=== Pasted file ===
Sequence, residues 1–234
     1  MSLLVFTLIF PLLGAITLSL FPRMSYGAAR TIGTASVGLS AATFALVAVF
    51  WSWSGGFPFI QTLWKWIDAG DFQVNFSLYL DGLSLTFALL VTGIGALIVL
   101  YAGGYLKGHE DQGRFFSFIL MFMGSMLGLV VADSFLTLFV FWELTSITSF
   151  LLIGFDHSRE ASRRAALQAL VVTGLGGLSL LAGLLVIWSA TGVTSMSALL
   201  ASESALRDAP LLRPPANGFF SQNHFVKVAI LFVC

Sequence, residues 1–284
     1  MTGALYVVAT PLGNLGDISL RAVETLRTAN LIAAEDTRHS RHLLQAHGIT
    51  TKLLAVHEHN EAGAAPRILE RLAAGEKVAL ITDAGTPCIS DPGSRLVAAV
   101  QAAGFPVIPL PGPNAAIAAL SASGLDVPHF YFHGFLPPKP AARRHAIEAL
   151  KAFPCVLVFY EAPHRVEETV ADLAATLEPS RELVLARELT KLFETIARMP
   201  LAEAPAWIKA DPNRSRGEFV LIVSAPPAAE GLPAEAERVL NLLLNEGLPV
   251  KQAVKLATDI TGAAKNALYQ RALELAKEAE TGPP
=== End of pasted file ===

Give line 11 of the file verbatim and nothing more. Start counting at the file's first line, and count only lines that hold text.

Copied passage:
   151  KAFPCVLVFY EAPHRVEETV ADLAATLEPS RELVLARELT KLFETIARMP